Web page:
Learning from Genetic Testing and Kickbacks
A shift in scams run by the types of bad actors involved in 2019's $1.2 billion brace fraud has new lessons HME providers should take a moment to understand.
- By Jeffrey S. Baird
- Jun 01, 2020
The Department of Justice (DOJ) and Office of Inspector
General (OIG) are targeting genetic testing labs (GTLs) after uncovering a scam
very similar to the $1.2 billion “Operation Brace Yourself” fraud run by a group
of lead generation companies (LGCs), DME suppliers, sham telehealth companies,
and telehealth physicians. Now, the LGCs and sham telehealth companies
have moved into a new scheme: genetic testing, which the government is aggressively
pursuing with enforcement actions. An Oct. 9, 2019 DOJ press release
states, in part:
“The Justice Department announced today that UTC Laboratories Inc.
(RenRX) has agreed to pay $41.6 million, and its three principals, Tarun Jolly
M.D., Patrick Ridgeway, and Barry Griffith, have agreed to pay $1 million to
resolve allegations that they violated the False Claims Act by paying kickbacks
in exchange for laboratory referrals for pharmacogenetic testing and
for furnishing and billing for tests that were not medically necessary … The
government alleged that between 2013 and 2017, UTC and its principals offered
and paid remuneration to physicians to induce the ordering of pharmacogenetic
tests, purportedly in return for their participation in a clinical trial … The
government also alleged that UTC and its principals offered and paid remuneration,
including sales commissions, to entities and individuals as part of the
scheme … The settlement … resolves allegations in six lawsuits … filed under
the qui tam, or whistleblower, provisions of the False Claims Act, which permit
private individuals to sue on behalf of the government for false claims and to
share in any recovery. The Act also allows the government to intervene and take
over the action, as it did in these cases. The whistleblower shares to be awarded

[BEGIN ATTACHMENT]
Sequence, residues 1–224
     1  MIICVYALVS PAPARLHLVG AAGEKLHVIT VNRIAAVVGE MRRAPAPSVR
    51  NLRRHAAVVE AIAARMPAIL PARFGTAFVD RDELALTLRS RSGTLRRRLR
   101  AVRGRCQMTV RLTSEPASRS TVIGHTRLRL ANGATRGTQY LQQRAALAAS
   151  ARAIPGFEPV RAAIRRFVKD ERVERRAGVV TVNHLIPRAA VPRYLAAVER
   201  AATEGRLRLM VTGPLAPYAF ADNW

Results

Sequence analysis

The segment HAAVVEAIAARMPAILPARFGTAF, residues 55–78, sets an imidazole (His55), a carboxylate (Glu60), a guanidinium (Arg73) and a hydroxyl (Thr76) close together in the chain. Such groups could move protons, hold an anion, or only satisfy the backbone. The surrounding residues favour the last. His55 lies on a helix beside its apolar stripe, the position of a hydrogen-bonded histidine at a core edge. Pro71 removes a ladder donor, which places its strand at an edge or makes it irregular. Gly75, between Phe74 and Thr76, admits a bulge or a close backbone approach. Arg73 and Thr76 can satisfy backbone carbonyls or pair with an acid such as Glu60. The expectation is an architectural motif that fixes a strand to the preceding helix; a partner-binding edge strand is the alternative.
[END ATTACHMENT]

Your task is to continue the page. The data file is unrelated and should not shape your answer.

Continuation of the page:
have not yet been determined … .”
DME suppliers can derive six important lessons from this:
A Kickback Results in a False Claim. Most DME suppliers understand that
if they bill for a product not delivered—or deliver one type of product and
deliver another type of product—then a “false claim” arises. Equally as important,
however, is that if a supplier is engaged in a kickback arrangement, then
claims that ultimately arise out of that arrangement are also “false claims.”
Large Claims Submissions Invite Scrutiny. Government health care
programs and commercial insurers (collectively referred to as “Third Party
Payors” or “TPPs”) have edits in place that spot claims submissions that are “out
of the ordinary.” Examples are:
- A DME supplier has a history of submitting claims (i) at a historically established
dollar level and (ii) for particular products. But then the TPP notices a
spike in the dollar amount of claims submissions for a particular product.
- A supplier submits a noticeably greater number of claims for a particular
product category than other suppliers.
Every Employee is a Potential Whistleblower. If a DME supplier is doing
something it should not be doing, then someone knows about it. That “someone”
is usually an employee. Virtually all employees are aware of whistleblower
lawsuits. If an employee witnesses fraudulent actions by his/her employer, then
the employee may be motivated to gather information and then hire an attorney
who specializes in filing whistleblower lawsuits. The lawsuit will be in the name
of the employee and also in the name of the United States. The lawsuit will be